To Each Its Own Meaning: An Introduction to Biblical Criticisms and Their Application
Edited by Steven L. McKenzie and Stephen R. Haynes (Louisville, KY: Westminster/John Knox Press, 1993), 251 pp.; $12.99.
Reviewed by James VanderKam
Anyone who reads works of biblical scholarship today is probably bewildered at times by the variety of methods that writers use in their scholarship. McKenzie and Haynes, colleagues at Rhodes College in Memphis, Tennessee, have assembled a heterogeneous group of 13 scholars, each of whom was assigned to write a chapter on one critical method. They were asked to provide an introductory description of the method, its relation to the others presented in the book, an illustration of the method using texts from Genesis or Luke-Acts, weaknesses of the method and bibliographical suggestions for those who want more. The result is a collection that has, as far as I know, no parallel. The chapters, with some exceptions, could be assigned to undergraduate or graduate students. The 13 types of criticism covered are divided into three sections: “Traditional Methods of Biblical Criticism” (historical, source, tradition-historical and redaction criticism); “Expanding the Tradition.” (social-scientific, canonical and rhetorical criticism); and “Overturning the Tradition” (structuralist, narrative, reader-response, poststructuralist and feminist criticism). One could argue whether all of these are independent methods of interpretation, but at least we now have an accessible, inexpensive and useful book to find out how 13 writers understand what these 13 different term mean.
The Dictionary of Paul and His Letters
Edited by Gerald F. Hawthorne, Ralph P. Martin and Daniel G. Reid (Downers Grove, IL: InterVarsity Press, 1993), 1036 pp., $34.99.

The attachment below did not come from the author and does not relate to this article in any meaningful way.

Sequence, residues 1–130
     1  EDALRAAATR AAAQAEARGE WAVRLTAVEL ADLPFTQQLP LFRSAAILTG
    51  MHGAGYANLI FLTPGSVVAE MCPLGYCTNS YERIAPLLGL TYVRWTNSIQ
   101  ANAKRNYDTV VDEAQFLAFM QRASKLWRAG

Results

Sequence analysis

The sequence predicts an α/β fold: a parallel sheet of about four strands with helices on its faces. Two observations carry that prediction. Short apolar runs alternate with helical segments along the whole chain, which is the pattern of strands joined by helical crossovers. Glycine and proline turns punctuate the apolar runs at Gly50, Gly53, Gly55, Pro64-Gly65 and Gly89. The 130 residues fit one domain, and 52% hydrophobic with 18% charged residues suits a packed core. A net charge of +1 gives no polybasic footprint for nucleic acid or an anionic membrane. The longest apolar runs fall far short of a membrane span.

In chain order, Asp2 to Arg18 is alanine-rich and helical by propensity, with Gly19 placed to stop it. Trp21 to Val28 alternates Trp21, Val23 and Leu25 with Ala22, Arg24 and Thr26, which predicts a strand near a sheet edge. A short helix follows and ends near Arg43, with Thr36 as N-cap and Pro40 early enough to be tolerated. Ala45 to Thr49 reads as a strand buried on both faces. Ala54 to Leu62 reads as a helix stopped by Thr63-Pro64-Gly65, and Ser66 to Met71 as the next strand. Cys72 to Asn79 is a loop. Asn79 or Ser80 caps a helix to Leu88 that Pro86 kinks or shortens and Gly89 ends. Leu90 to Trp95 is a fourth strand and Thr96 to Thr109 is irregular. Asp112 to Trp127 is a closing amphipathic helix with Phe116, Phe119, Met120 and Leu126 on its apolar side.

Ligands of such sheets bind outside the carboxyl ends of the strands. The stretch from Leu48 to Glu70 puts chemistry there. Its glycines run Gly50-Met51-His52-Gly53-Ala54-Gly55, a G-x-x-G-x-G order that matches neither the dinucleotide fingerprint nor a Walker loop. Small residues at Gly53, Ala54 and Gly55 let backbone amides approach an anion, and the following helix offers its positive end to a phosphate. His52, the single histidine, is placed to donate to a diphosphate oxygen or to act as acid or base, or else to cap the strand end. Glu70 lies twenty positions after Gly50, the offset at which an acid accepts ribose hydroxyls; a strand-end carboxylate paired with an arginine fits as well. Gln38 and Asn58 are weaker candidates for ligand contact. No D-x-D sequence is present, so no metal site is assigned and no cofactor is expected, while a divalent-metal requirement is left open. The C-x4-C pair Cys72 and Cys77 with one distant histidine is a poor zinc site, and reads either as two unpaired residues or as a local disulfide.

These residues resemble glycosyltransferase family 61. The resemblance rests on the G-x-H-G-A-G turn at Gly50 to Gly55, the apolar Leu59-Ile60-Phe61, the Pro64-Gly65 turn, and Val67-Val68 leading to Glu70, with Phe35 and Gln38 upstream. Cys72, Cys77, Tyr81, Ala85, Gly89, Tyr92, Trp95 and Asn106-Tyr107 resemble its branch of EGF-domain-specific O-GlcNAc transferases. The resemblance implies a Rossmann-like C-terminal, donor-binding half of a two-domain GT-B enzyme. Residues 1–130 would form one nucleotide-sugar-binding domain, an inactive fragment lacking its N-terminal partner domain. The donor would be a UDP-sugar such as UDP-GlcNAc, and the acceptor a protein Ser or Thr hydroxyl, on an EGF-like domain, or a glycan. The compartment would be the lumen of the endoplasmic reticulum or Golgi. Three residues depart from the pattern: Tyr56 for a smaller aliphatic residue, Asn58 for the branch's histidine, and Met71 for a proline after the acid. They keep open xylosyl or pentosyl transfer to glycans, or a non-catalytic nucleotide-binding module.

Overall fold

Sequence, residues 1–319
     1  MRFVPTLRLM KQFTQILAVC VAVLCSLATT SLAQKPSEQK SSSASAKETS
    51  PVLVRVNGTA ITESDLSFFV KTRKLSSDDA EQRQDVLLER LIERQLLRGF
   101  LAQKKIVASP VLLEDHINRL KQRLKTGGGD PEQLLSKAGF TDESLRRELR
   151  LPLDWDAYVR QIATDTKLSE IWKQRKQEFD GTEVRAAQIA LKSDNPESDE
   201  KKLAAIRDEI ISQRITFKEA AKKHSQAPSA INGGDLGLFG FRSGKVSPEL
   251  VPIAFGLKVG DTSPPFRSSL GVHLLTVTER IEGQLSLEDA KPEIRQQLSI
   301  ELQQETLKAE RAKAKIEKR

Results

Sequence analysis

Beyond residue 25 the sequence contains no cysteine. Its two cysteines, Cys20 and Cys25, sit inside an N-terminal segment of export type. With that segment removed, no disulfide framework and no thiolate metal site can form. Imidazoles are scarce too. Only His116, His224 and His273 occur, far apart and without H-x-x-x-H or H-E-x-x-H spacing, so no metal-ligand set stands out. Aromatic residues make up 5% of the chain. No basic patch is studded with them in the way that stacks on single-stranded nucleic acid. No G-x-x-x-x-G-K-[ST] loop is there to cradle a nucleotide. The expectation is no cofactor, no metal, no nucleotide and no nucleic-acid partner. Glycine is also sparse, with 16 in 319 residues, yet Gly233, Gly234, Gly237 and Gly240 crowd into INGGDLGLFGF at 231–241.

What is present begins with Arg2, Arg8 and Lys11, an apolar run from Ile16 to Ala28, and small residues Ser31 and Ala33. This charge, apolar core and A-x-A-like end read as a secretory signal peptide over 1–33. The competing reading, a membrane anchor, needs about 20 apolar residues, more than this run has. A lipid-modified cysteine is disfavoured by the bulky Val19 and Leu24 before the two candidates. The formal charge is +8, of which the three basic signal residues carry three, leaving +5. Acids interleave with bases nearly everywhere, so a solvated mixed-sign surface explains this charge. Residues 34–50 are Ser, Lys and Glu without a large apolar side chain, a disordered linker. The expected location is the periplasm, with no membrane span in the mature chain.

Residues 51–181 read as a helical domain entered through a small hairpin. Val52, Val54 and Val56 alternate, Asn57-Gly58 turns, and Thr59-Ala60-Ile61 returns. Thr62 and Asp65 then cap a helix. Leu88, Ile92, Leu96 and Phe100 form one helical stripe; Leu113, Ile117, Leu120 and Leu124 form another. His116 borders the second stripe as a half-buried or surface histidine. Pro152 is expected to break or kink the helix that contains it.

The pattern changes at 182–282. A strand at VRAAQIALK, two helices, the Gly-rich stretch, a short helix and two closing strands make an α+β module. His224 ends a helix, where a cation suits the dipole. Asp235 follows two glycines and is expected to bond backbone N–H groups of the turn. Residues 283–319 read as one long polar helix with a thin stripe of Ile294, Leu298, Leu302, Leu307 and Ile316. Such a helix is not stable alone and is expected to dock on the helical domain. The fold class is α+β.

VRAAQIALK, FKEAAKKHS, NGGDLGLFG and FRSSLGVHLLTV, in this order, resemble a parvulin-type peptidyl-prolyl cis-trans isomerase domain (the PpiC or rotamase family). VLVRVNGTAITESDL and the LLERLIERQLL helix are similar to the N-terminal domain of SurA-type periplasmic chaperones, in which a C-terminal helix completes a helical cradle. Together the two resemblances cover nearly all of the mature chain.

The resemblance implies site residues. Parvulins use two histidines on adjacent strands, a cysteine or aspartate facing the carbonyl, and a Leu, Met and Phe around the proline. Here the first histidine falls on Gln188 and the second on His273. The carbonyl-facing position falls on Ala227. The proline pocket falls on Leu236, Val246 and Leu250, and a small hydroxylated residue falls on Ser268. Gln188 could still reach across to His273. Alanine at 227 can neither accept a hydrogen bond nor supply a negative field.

Reviewed by Elizabeth Johnson
This companion to the earlier Dictionary of Jesus and the Gospels collects 214 essays on diverse aspects of Pauline studies by the most prominent of evangelical Bible scholars. As with all multi-author reference works, even those written from a common standpoint such as this one, there is considerable diversity among the offerings. The advantage of this sort of reference work that it allows editors and to focus in greater detail on a New Testament author’s treatment of, say, Christology or worship or atonement than the more general articles on the same subjects in the larger Anchor Bible Dictionary or Interpreter’s Dictionary of the Bible. Students, pastor and educated laypeople (who appear to be the primary target audience for this book) will likely find useful and stimulating discussions of texts and the relevant scholarly discussions of them. Perhaps the most noteworthy characteristic of this volume is the inclusion both of scholars with an evangelical commitment and of scholars from the so-called mainline scholarship.
To Each Its Own Meaning:An Introduction to Biblical Criticisms and Their Application
Edited by Steven L. McKenzie and Stephen R. Haynes
(Louisville, KY: Westminster/John Knox Press, 1993), 251 pp.; $12.99.
Reviewed by James VanderKam
You have already read your free article for this month. Please join the BAS Library or become an All Access member of BAS to gain full access to this article and so much more.